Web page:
Addictions experts urge caution ahead of Super Bowl
Addiction specialists in Windsor, Ont. are urging caution about the dangers of problem gambling with Super Bowl season around the corner.
According to officials at Hôtel-Dieu Grace Healthcare, demand for recovery services has climbed since single-event sports betting became legal in Canada last August.
“We have noticed an uptick in people seeking services at the center,” said Chelsea Rodrigues, a counsellor at the Centre for Problem Gambling and Digital Dependency. “We have seen a dramatic shift in clients.”
Rodrigues said, “Over the last little while we've definitely seen a lot of new gamblers in terms of people who maybe didn't place sports bets in the past but feel it's a little bit more accessible and a little bit easier at this point. So we're seeing people that had never really dabbled in this before sort of exploring it and learning it and really thinking that this could be something that they'd like to spend their money on.”
According to Rodrigues, research has shown that increased exposure and accessibility tends to normalize gambling behaviour and in turn, the chances of problematic use.
“It's essentially almost impossible to escape,” Rodrigues explained.
She added, “A lot of these triggers are from seeing advertisements or signs or things outside of ourselves. And at the moment, nobody can even enjoy a sports game without seeing the betting odds and even on days like today the ability to bet on Groundhog Day. So everything is basically on the table in terms of having access to wager on.”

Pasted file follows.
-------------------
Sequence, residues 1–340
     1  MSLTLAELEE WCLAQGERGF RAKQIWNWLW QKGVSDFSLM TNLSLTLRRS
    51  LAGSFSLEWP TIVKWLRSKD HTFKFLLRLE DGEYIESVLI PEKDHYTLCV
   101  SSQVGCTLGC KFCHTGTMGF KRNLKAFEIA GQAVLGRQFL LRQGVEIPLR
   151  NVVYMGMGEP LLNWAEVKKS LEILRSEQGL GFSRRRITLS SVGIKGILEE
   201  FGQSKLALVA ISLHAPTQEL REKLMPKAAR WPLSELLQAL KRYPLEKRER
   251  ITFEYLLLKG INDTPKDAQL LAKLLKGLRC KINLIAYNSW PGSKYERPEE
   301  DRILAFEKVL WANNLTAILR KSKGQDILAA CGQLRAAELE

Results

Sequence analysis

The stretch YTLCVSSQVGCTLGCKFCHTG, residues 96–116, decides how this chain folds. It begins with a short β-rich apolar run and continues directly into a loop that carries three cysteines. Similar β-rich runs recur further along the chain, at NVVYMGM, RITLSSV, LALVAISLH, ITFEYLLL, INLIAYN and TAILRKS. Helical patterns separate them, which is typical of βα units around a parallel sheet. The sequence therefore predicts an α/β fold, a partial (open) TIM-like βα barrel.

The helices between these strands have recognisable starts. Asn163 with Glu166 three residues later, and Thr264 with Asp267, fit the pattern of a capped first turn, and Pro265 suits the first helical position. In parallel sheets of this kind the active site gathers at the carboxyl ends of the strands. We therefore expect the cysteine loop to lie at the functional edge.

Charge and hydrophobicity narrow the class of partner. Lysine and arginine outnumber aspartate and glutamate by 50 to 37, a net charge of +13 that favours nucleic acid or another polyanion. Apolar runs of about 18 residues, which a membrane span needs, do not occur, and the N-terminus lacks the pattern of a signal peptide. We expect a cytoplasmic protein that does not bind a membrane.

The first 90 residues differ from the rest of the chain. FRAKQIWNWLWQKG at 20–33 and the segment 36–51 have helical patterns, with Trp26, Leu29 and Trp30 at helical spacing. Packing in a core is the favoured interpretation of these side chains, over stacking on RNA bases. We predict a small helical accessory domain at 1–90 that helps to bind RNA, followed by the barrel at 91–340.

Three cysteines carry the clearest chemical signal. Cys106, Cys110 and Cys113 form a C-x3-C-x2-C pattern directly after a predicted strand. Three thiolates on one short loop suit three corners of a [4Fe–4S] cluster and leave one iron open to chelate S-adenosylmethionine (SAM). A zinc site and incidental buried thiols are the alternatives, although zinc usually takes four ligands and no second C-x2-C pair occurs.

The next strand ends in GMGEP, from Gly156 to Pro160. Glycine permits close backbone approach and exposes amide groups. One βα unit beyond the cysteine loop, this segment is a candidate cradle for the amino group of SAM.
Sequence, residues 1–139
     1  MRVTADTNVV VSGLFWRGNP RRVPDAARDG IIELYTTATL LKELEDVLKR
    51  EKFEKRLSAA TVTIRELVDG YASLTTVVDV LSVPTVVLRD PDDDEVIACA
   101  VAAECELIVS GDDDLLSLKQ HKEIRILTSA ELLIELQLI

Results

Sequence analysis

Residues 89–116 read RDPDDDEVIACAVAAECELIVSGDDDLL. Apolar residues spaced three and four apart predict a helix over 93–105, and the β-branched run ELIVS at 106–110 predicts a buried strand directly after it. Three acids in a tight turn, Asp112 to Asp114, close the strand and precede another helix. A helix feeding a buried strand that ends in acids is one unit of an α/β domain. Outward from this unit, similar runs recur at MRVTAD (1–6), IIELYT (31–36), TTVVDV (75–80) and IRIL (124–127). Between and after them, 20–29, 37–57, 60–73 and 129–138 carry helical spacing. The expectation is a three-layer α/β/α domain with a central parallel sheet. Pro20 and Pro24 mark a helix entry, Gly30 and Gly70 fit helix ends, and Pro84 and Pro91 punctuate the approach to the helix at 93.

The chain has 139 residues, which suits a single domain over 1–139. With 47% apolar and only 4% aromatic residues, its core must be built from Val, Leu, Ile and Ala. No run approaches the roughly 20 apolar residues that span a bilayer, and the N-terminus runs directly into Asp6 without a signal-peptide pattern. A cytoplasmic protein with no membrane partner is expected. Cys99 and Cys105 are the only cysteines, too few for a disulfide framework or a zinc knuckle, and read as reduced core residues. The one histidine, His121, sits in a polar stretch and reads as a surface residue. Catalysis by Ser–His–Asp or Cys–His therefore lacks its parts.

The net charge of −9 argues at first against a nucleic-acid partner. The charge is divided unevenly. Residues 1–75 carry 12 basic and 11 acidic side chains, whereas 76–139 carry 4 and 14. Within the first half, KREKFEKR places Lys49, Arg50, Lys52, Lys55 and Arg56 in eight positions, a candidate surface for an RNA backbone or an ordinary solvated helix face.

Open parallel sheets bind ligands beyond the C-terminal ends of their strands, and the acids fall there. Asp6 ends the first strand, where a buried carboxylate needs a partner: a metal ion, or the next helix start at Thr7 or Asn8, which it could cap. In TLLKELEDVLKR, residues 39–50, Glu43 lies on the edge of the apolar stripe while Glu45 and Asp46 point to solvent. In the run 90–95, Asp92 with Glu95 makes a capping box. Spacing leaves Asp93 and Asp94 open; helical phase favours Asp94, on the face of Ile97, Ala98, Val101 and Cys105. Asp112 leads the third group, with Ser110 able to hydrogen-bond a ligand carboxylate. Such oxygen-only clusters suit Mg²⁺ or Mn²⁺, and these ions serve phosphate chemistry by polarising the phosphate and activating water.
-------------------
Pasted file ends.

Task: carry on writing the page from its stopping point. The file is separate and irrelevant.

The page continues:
Rodrigues said that Super Bowl and award show seasons often prove to entice people to bet on the outcomes.
“We know the Super Bowl is coming up. This tends to be a very highly triggering time for our sports gamblers. So we just ask them to be mindful,” she said. “Ask them if they really can't sit through the game without being triggered and having those thoughts of placing a wager, maybe skipping it this year and having something else planned that day instead to distract.”
Rodrigues said free services at the Centre for Problem Gambling and Digital Dependency are available and encourages family members to join. She said the dangers of gambling are similar to other addictions, but faster — costing relationships, time and family.
“Most people feel ashamed to tell those around them that they're struggling with an addiction or with some problematic gambling urges. And we just want to advise that the best thing you can do is to talk to somebody close to you and give us a call because we can help you navigate that journey,” she said.
Rodrigues told CTV News Windsor there’s no shame in seeking support and that dialogue is encouraged.
“Sometimes loved ones spot it before the gambler themselves and they noticed that the gambler is just more distant, more distracted,” she said. “Perhaps they're spending more time on their phone.”
Rodrigues said they urge family members and loved ones of gamblers and as well gamblers themselves to come into the centre to talk to someone in order to receive help, or to create strategies for safe gambling if it has not yet veered into a problematic and addictive territory.
“Gambling can have an effect on your relationships, on your job on your mental health on your finances,” she said. “There's a number of ways in which gambling addiction can devastate someone's life but I do want to state that there is a life beyond that and we can certainly help people get back on track.”
Rodrigues added, “Gambling is a form of entertainment. So really be willing to play with what you're willing to lose.”
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